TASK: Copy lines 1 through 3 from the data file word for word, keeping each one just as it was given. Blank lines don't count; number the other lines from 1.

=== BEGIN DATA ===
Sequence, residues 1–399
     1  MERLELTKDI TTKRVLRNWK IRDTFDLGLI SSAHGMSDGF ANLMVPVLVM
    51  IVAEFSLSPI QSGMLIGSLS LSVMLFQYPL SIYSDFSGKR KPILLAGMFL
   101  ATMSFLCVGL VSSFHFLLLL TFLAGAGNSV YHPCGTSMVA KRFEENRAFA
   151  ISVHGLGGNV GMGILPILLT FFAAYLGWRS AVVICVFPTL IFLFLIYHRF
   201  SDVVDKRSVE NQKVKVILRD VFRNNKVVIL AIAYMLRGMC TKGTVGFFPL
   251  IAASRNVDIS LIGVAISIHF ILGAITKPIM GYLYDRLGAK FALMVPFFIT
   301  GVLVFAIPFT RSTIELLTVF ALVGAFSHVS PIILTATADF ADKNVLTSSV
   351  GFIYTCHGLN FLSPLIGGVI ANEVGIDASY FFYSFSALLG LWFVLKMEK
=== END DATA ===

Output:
Sequence, residues 1–399
     1  MERLELTKDI TTKRVLRNWK IRDTFDLGLI SSAHGMSDGF ANLMVPVLVM
    51  IVAEFSLSPI QSGMLIGSLS LSVMLFQYPL SIYSDFSGKR KPILLAGMFL